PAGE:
When I was around 3 or 4 I refused to learn how to tie my shoes and to use a zipper. The reason for this was plain laziness. lol - I simply liked it when the adults would do stuff for me. Eventually they saw through my manipulation and said that from now on I had to do it myself. So I was 'forced' to learn and it was absolutely the appropriate thing to do because my starting-point was self-interest and not for example a learning deficit lol. So obviously there are instances where prompting is the best course of action. Then another example is with a child I am working with. He is two years old and the first many months I worked with him he didn't speak at all but would only make animal-type sounds. After some months he started pretend-speaking and it sounded liked he had some form of speech impediment. Teachers and parents would encourage him to speak, but they didn't make a big deal out of it in terms of being afraid that there was something wrong with him. Then finally, a few weeks ago he suddenly started talking, not fluently but saying actual words. So in that situation it was a case of natural development, where it was cool to simply let the child develop at his own pace. I see that if we had started pressuring him and seen it as a problem, he could have picked up on it and start associating speaking with something fearful. I am not saying that this is what you are doing with your child. It's more a comment in general on the topic of pressuring or forcing a child to learn and how in some instances it might be relevant and in others not.



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KellyPosey
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Re: Am I raising a wimp?

Postby KellyPosey » 03 Mar 2014, 00:23

Wow what a great thead with so many cool perspectives here. One thing I would add about the point of first investigating one's own reactions to the child or the points they are bringing out, is that first sorting out oneself is such an important key because if we are having reactions to the child and the child is reacting to those reactions, then to try and change or address their behavior without changing what is throwing them off in the first place is going to just create more consequence, and often get in the way of solving the problem.

I would also greatly suggest the parenting series, I can't express enough how supportive that series is. I don't have children yet and I can't imagine facing and walking through that without the perspectives shared in that series, I can already see especially looking at my own time being a child, how it would prevent soooo many conseuqences through understanding how some of the aspects of the development of children works and our role within that in how we shape the children through the example we live.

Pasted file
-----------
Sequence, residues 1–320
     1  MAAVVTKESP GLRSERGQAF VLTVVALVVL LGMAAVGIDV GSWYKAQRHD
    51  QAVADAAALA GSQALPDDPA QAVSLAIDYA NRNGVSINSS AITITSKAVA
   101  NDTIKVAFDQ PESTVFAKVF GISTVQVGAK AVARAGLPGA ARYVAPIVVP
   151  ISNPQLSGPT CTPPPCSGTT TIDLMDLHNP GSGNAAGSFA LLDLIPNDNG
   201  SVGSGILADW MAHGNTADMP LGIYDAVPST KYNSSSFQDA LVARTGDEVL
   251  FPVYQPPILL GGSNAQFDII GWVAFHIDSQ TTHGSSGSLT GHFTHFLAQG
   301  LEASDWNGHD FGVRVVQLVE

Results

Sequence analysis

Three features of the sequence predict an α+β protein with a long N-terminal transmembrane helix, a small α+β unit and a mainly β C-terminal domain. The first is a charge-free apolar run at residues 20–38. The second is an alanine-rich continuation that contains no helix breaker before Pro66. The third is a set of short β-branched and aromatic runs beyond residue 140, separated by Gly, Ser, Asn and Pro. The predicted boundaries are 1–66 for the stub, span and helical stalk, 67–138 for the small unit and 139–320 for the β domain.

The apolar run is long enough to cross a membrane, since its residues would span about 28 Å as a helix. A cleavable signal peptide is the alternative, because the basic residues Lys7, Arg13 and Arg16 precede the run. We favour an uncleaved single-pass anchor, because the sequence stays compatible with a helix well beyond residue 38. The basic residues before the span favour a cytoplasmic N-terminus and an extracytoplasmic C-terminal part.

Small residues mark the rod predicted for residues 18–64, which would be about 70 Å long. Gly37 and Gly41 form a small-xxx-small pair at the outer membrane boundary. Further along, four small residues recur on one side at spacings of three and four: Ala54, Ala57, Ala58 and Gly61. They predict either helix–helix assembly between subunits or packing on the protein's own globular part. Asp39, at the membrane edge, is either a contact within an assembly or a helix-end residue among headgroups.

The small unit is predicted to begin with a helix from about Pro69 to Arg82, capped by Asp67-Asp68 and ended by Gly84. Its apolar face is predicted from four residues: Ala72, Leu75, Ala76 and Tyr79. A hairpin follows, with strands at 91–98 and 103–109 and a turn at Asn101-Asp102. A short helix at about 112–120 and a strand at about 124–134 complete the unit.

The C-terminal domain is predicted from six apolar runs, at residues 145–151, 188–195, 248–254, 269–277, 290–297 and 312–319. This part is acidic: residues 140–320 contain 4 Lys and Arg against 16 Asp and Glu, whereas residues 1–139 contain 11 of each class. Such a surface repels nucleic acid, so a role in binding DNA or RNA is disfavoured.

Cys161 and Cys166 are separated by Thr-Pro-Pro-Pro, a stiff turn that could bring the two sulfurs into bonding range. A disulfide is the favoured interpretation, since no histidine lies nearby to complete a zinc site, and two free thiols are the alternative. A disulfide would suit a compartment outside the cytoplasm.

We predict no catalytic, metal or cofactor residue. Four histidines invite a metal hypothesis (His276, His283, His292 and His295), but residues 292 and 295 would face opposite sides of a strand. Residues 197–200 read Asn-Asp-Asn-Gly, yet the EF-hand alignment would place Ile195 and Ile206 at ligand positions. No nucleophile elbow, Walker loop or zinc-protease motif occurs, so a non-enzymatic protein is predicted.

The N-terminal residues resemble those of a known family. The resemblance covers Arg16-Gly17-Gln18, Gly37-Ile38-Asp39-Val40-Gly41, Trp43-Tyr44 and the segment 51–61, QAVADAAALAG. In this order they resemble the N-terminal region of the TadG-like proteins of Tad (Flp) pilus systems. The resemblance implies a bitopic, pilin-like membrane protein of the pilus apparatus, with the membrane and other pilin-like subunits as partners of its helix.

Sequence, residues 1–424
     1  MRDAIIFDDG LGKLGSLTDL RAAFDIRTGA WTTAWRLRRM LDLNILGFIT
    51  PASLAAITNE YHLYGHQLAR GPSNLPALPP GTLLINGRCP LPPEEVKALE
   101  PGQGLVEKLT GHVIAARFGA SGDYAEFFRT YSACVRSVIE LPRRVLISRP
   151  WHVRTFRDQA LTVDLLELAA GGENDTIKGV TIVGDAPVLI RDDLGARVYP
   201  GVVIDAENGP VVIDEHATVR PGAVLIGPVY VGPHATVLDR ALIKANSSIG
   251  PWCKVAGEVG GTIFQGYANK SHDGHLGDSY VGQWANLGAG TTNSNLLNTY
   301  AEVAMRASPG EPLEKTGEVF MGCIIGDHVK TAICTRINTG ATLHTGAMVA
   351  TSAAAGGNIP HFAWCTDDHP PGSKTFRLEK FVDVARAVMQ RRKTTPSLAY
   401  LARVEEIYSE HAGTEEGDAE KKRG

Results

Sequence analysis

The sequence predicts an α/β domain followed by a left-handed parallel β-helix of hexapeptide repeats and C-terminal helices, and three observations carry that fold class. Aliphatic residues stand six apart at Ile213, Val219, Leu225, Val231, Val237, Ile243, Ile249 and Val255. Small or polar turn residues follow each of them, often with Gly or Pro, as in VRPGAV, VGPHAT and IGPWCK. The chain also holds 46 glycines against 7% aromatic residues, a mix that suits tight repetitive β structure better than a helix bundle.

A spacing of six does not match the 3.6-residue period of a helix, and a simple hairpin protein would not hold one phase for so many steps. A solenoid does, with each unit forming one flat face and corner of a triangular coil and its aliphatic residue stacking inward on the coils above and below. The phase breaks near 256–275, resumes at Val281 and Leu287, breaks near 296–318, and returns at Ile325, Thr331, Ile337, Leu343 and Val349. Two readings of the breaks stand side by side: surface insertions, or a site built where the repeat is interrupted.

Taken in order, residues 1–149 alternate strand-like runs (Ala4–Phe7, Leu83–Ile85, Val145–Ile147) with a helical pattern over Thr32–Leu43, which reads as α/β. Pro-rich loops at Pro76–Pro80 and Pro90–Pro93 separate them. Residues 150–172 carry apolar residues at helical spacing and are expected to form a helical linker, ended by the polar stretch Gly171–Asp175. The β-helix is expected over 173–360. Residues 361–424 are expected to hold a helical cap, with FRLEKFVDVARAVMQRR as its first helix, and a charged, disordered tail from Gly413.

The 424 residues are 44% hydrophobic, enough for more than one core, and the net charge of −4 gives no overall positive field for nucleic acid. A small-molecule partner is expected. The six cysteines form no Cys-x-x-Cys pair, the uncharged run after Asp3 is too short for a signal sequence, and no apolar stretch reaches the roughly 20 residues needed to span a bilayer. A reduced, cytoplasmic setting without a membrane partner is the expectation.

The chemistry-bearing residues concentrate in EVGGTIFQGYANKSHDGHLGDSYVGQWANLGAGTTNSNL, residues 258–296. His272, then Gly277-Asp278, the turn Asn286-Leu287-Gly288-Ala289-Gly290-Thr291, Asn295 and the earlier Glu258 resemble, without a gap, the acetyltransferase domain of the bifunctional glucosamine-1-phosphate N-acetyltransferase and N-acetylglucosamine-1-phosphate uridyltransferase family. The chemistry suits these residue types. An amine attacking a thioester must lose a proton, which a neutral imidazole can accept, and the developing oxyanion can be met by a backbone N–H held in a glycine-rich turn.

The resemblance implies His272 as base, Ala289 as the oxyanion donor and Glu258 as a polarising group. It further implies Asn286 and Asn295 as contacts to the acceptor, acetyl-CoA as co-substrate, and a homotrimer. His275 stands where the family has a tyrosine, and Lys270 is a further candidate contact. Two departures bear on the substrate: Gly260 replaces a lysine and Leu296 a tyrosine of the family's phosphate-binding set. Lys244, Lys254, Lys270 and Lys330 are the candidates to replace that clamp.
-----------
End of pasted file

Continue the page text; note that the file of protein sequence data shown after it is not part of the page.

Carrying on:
My mother had a very stressful time raising me and my brother who was born when I was five and my father was in the military, we'd just moved to a new state where they had no family/friends or community support and she didn't drive, and my father would be away for weeks or months at a time. I can look back now and see how the reactions and taking things personally made things so much more consequential than they were and made problems and behaviors drag on that had effected me and I've been busy sorting out even to this day. I would say the key to this and what I am working on with/for myself, is to be able to stand within whatever is going on on not have a reaction to/take it personally in any way, because then I am actually contributing to it and causing more consequence, and it takes longer to see what is practical the solution. But within this, it's going to take time and so to not then react to myself if in moments I do go into reaction, but to use such moments as part of the process.

Writing as has been suggested I would say is one of, if not the most, important tools within this. To write out each day what kind of reactions came up. Or to even just start with writing about what hapened during the day, and then you can go back over it and investigate where you reacted, because you may not even see it before it's written down. There are so many assumptions, beliefs, expectations, fears we have that all influence/shape our perception of what is going on in our reality, that we don't even realize we've taken for granted and accepted as real, like a 'simple' point such as 'when my child does this/that I feel/experience anxiety' and then I give in' that we've accepted as valid and affects our very behavior, so we've got to really investigate every point, every thought, every idea we have, and see where we have given away our power/our ability to direct ourselves to something/someone outside ourself, so this is defnitely something supportive to work on on a consistent basis when/as one has time. I have gained also so much perspective on just going back through my own experiences as a child.

And like Anna shared about the point about being lazy to tie the shoes, children will also have points like that so you really can't take their stuff personally. In the end how you deal with them reflects your own relationship/standing with yourself and your approach to living. So wherever there are reactions is a point that self hasn't clarified yet, and the perfect point to do some writing on it, or bring it to the forum or have a chat about it when further perspectives are required of course. So cool that we have this platform.

Thanks for all the supportive perspectives here, and from those who have or are walking with children. This stuff is so important to share to assist anyone who would be/is a parent.